Sensible Sentencing Trust spokesperson Garth McVicar has accused the Government of being soft on crime, after a third major earthquake rocked the Canterbury region this week.
Monday’s two quakes inflicted further damage upon a region struggling to recover from the events of September and February, and caused further distress to people already seriously traumatised.
Mr McVicar said that the people behind the three major earthquakes had caused untold misery and suffering.
“Whoever is doing this has to be stopped, for the good of our people. How can our politicians just stand by doing nothing while our second largest city slowly dies? Do the tears in the eyes of the children of Christchurch mean nothing to these people?
“It’s time we got tough on natural disasters. Let’s send a message to the people behind earthquakes, volcanic eruptions, cyclones and other callous natural disasters, that their violence won’t be tolerated anymore.”
However, Auckland University Law Professor Jill Tamarillo cautioned against any sudden law change, saying that evidential issues would make any prosecution for committing a natural disaster problematic, even if laws were passed to prohibit earthquakes.
“In many cases it won’t be clear who’s responsible for an earthquake,” said Professor Tamarillo.
“We often call these events ‘acts of God’, but which god? The prosecution will have an almost impossible task trying to prove that a particular disaster was committed by say Jehovah rather than Allah.”
Professor Tamarillo also questioned the deterrent effect of any sentence imposed on a natural disaster offender.
“How does one punish God effectively? Our prisons just aren’t suited to housing deities. We also know that for many criminals prison is little more than a finishing school, and that when they finish their sentence they are even more dangerous.”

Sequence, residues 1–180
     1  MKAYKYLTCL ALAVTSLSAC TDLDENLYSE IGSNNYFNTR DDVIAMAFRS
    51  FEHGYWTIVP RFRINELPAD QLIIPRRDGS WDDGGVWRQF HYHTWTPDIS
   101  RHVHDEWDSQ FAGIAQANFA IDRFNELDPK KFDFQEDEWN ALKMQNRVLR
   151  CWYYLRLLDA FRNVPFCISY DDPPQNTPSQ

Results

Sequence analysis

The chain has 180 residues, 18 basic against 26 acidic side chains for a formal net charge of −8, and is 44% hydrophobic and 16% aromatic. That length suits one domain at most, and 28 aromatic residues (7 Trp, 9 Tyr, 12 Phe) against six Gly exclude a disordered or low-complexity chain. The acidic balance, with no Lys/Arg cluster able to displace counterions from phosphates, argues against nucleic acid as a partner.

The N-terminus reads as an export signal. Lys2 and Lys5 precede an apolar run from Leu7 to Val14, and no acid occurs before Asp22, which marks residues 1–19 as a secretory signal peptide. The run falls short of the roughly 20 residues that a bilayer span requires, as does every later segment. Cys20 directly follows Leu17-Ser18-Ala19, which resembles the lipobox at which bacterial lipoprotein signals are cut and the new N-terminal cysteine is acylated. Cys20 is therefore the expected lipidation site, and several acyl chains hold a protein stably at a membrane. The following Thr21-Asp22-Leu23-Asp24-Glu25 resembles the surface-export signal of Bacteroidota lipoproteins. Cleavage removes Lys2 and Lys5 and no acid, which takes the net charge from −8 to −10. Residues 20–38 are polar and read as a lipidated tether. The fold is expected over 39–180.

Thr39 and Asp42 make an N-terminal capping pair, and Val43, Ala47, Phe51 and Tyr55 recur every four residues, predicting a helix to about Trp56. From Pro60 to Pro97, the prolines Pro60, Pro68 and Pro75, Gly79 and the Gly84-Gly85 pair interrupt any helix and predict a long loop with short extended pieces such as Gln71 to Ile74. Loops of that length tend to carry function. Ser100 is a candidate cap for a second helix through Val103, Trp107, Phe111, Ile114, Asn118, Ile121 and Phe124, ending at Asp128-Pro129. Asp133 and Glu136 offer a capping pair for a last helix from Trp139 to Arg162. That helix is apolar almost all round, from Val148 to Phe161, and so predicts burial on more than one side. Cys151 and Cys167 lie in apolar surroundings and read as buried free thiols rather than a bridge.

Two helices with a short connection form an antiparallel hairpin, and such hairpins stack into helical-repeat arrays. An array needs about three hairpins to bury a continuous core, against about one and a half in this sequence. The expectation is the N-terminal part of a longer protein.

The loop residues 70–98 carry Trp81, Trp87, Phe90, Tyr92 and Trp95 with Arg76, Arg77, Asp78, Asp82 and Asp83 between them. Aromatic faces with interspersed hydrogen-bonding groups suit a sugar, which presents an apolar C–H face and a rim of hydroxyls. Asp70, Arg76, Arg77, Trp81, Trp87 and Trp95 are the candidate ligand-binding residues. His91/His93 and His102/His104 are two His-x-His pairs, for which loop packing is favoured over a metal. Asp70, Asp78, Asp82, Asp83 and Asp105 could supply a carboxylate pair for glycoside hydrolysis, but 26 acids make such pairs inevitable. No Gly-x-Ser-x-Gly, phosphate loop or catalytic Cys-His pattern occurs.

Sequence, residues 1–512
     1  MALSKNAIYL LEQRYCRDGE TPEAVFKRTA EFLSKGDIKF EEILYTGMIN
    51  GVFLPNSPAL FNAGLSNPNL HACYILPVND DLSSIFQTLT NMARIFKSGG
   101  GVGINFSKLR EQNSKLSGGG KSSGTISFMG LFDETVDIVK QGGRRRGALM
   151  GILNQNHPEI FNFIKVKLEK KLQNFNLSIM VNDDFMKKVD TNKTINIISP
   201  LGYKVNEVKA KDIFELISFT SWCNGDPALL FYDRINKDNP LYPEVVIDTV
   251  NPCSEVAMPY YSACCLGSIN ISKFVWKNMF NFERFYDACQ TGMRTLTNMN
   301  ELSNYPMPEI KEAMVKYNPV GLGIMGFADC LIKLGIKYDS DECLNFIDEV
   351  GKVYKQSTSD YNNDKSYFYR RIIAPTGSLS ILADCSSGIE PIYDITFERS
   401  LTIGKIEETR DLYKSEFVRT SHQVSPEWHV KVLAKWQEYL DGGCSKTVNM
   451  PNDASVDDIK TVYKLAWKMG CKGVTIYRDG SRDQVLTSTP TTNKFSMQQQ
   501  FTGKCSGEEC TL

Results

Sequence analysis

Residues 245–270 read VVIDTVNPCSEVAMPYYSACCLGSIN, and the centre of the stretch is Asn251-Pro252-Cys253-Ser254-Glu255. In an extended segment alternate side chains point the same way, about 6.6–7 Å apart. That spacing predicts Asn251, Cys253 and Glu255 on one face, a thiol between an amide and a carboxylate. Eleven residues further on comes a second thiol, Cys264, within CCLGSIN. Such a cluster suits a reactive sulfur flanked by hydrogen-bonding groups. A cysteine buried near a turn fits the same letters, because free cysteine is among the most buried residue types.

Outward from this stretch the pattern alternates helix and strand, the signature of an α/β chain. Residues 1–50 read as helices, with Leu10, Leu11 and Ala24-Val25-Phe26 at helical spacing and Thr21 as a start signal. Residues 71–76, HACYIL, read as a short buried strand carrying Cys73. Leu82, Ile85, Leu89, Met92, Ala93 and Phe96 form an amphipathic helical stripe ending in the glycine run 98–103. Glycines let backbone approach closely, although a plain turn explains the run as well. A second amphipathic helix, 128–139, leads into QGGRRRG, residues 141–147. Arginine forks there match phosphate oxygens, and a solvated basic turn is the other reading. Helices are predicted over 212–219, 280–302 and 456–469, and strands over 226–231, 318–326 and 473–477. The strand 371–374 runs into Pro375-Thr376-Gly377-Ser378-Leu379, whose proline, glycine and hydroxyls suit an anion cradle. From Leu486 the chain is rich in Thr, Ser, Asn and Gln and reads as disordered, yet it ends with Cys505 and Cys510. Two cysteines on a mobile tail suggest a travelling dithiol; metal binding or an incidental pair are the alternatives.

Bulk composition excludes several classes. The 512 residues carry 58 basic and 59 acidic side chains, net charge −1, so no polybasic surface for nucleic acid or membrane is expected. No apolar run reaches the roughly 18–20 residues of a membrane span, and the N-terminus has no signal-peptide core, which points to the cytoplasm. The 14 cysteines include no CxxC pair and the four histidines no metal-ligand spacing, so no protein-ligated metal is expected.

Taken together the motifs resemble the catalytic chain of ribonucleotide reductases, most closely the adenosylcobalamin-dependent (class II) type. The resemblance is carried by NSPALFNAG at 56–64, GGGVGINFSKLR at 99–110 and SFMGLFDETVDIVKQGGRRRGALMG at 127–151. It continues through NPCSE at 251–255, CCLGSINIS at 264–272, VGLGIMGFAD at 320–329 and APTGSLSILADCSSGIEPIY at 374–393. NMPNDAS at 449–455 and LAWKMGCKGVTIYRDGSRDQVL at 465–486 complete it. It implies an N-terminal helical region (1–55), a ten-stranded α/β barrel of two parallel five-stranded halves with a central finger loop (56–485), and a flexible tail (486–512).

But Garth McVicar has slammed critics of the Sensible Sentencing Trust’s call for “get-tough” policies.
“We’re been told for years by these liberal pointy-headed ivory tower types that it can’t be done and that it shouldn’t be done, and the end result is a society where people live in constant terror of natural disasters attacking them in the dead of night.
“You ask anyone in Christchurch right now what they think about the wave of natural disasters hitting them, and they’ll tell you that they’re sick of it.
“If politicians, academics and liberal do-gooders would just get off their high horses and meet some of the victims of these crimes, they’d see for themselves how much our current legal system panders to criminals and how utterly broken it is.”
Mr McVicar also said that further earthquakes could have been prevented had the Government adopted a zero-tolerance policy towards natural disasters several years ago.
“A broken-windows intervention strategy could have saved a lot of lives. But more importantly, if a magnitude six or greater earthquake had been included as a ‘strike’ offence when the three-strikes legislation was passed in 2010, we could right now be throwing the book at these criminal scumbags.”